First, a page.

Senator Smoak wanted to know what size conference the center would accommodate?
Chancellor Fox responded 250 rooms.
Vice Chancellor Moreland stated that the building will be designed as a place for conferences.
Senator Daley wanted to know if NC State is also exploring the idea of doing a Hotel Management Program.
Chancellor Fox responded not right now, although that would be a possibility.
Senator Kimler asked Chancellor Fox for her reaction on the PhD proposals in history at UNC Greensboro.
Chancellor Fox stated that she has consistently opposed almost all PhD proposals at other institutions. "We need a critical mass of intellectual talent at this campus and at Chapel Hill."
Senator Funderlic wanted to know if there are any other ACC schools that do not have a golf course.
Chancellor Fox responded that she does not believe there are.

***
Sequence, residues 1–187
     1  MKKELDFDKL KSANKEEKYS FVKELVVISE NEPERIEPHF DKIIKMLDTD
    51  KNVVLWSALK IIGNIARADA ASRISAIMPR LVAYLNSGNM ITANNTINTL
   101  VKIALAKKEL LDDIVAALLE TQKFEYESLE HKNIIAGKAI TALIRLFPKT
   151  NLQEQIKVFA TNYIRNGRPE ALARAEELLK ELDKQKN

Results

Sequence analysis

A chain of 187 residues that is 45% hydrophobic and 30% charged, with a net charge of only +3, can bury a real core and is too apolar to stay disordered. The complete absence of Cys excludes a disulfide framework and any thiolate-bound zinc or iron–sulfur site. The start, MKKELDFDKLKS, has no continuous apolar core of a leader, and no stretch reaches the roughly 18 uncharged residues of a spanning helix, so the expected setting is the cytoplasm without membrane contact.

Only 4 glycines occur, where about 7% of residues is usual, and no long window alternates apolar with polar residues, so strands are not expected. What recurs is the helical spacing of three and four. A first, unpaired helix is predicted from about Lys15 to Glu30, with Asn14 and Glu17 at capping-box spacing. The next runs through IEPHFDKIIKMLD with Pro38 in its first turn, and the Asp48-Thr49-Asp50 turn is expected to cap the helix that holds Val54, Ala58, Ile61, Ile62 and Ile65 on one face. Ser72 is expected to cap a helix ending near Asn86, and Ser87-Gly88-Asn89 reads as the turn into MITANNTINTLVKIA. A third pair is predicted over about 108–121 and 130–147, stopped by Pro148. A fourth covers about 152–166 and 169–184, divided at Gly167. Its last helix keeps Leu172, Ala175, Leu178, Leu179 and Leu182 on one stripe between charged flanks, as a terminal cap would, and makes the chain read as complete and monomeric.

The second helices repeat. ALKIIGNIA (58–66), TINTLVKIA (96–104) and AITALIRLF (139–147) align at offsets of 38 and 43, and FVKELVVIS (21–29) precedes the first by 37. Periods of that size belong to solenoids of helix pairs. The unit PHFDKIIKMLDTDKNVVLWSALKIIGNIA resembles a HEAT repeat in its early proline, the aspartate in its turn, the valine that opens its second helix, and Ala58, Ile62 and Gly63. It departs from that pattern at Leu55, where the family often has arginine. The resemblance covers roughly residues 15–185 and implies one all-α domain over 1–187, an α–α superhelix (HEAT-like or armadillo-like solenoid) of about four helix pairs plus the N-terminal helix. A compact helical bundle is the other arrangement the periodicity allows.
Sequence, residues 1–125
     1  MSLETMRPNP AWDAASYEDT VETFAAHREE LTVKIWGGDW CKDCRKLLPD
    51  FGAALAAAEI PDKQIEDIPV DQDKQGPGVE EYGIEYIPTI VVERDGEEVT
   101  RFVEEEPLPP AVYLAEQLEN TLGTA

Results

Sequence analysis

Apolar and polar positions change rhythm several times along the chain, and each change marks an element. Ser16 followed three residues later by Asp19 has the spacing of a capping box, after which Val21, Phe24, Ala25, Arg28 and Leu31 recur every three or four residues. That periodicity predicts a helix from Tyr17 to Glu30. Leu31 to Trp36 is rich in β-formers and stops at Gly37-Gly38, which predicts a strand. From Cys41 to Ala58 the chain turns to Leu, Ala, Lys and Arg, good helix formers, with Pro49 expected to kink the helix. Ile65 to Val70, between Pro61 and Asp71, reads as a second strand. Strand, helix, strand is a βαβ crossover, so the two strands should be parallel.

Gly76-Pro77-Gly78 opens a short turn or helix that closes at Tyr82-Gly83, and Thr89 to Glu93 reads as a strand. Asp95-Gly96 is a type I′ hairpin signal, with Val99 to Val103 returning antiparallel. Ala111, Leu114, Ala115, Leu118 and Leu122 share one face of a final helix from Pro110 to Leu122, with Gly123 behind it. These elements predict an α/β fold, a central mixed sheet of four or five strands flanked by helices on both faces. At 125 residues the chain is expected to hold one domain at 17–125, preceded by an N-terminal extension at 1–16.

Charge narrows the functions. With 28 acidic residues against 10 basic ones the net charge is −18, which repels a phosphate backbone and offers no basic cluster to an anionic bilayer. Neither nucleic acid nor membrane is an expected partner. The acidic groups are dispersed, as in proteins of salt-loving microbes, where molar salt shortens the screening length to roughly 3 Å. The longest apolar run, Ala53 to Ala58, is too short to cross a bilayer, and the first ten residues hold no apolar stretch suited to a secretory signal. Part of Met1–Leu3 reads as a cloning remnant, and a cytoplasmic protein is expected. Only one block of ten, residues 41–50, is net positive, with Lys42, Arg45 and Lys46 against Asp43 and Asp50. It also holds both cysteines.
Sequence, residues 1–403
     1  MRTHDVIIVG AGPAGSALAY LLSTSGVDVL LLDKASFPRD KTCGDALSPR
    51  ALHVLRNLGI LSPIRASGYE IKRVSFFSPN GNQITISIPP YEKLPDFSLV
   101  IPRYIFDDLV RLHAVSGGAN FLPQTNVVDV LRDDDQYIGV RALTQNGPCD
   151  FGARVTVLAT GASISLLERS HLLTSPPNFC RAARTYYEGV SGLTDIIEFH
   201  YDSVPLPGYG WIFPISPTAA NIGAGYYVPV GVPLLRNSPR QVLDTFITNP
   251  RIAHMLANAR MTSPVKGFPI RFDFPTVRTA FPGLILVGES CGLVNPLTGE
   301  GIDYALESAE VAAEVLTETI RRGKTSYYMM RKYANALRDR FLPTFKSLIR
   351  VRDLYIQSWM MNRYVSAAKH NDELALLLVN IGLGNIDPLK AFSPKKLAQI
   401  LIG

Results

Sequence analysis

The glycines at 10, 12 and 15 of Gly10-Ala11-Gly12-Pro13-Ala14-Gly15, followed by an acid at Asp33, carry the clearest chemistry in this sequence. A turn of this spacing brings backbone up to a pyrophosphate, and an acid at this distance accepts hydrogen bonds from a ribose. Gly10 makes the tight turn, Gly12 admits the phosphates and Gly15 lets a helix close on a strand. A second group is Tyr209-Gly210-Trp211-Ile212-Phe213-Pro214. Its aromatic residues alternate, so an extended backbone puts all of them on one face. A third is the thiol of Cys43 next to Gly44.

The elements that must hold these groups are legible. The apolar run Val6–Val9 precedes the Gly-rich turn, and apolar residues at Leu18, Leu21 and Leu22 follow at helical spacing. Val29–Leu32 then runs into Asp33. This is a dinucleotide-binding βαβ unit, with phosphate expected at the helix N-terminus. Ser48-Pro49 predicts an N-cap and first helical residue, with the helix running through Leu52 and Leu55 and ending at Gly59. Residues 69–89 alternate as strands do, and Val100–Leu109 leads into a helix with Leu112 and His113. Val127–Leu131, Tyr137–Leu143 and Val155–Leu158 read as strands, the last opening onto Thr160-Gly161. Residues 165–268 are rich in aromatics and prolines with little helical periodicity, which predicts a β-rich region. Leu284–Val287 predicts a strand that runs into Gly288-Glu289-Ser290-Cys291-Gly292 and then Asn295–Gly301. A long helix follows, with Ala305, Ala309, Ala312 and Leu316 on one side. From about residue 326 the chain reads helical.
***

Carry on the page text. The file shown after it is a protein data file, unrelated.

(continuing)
5. Remarks from Paul Cousins, Director of the Office of Student Conduct
Paul Cousins stated that the Office of Student Conduct has the obligation to operationalize and facilitate the code of student conduct which controls student behavior in and around campus. "One of the areas that brings me in closest contact with you is the notion of preserving integrity in the classroom and how the code of student conduct offers support and foundation for faculty efforts in those regards."
"The Faculty Senate was a primary partner in the creation of the version that we have that was completed in 1990. It is time for us to take a look at making more significant changes in that document. We have done smaller modifications. The code itself is in fact, policy and therefore would need to be changed by the Board of Trustees. The Procedures Manual is administrative regulation and can be changed here on campus. We are seeking comments now on the code portion that I hope will be submitted in the July meeting of the Board of Trustees.